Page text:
This paper reports on an impact evaluation of an anti-bias training intervention, performed at a diverse municipal police agency, on police-community interactions and public perceptions of discrimination.
The authors evaluated the impact of an anti-bias training intervention for improving police behavior during interactions with community members and public perceptions of discrimination. Their research design and methodology involved 50 patrol officers from a diverse municipal agency who were randomly selected to participate in an anti-bias intervention. Before and after the intervention, a random selection of Body Worn Camera (BWC) videos from the intervention group as well as from a control group of officers was coded using a validated tool for coding police “performance” during interactions with the public. Discrimination-based community member complaints were also collected before and after the intervention for treatment and control group officers. The authors found that the treatment group had a small but significant increase in performance scores compared to control group officers. They also had a small but significantly reduced number of discrimination-based complaints compared to control group officers. These results suggest that anti-bias training could have an impact on officer behaviors during interactions with the public, and perceptions of discrimination. Although these results are from a single municipal police department, this is the first study to suggest that anti-bias trainings may have a positive behavioral impact on police officers as well as the first to illustrate the potential for their impact on community members' perceptions of biased treatment by officers. Publisher Abstract Provided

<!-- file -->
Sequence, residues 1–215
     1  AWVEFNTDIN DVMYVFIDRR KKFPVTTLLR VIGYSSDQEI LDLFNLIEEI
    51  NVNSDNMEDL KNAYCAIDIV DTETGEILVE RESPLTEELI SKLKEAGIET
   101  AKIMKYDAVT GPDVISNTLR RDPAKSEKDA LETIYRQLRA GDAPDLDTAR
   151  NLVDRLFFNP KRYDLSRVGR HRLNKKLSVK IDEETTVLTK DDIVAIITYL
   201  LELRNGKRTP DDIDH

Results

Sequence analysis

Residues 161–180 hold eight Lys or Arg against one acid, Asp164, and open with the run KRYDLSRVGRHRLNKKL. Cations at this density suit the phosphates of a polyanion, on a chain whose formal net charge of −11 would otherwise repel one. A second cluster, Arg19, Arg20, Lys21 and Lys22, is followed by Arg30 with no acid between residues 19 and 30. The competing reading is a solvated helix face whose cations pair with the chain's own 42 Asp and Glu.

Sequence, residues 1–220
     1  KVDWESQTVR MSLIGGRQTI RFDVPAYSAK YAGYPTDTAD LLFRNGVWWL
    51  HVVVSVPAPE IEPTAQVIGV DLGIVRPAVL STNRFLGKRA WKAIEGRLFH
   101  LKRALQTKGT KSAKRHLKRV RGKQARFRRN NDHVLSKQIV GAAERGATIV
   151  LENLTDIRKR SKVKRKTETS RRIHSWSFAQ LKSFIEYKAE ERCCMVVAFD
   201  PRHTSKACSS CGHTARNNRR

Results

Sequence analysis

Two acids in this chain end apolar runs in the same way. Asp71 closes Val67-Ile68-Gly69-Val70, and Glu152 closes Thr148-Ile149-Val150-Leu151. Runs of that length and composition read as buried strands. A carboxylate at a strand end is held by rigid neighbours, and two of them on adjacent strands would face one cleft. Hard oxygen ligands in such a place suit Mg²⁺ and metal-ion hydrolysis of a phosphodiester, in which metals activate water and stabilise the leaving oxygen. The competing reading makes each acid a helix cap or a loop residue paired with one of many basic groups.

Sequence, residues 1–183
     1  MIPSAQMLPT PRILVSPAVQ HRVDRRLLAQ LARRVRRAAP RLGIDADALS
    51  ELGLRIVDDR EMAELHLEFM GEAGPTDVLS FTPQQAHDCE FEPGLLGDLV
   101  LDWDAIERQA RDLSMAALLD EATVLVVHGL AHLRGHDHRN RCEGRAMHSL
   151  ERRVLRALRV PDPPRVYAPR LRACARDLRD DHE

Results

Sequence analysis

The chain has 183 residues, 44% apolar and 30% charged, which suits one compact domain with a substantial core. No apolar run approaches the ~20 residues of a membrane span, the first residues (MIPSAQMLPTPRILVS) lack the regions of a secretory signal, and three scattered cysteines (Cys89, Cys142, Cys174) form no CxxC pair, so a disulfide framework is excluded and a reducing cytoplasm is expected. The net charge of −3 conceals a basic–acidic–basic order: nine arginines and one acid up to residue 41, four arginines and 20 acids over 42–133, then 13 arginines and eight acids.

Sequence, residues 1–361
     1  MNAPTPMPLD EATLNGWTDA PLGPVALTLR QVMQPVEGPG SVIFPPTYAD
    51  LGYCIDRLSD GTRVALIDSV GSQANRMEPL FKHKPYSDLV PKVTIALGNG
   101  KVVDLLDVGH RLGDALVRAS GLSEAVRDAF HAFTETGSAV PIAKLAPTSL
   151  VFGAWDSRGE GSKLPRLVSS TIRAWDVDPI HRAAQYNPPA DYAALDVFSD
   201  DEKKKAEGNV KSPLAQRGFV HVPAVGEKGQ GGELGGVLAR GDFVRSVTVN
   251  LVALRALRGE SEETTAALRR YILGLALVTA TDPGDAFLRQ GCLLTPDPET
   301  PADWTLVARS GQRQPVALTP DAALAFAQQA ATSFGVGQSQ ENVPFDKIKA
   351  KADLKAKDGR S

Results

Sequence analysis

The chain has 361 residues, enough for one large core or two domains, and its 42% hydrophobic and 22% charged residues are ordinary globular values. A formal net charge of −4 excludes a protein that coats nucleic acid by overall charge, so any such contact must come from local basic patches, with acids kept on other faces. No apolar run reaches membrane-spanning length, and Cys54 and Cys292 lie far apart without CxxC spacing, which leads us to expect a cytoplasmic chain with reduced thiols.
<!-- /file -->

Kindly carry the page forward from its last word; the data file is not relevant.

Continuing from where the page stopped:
810 Seventh Street NW, Washington, DC 20531, United States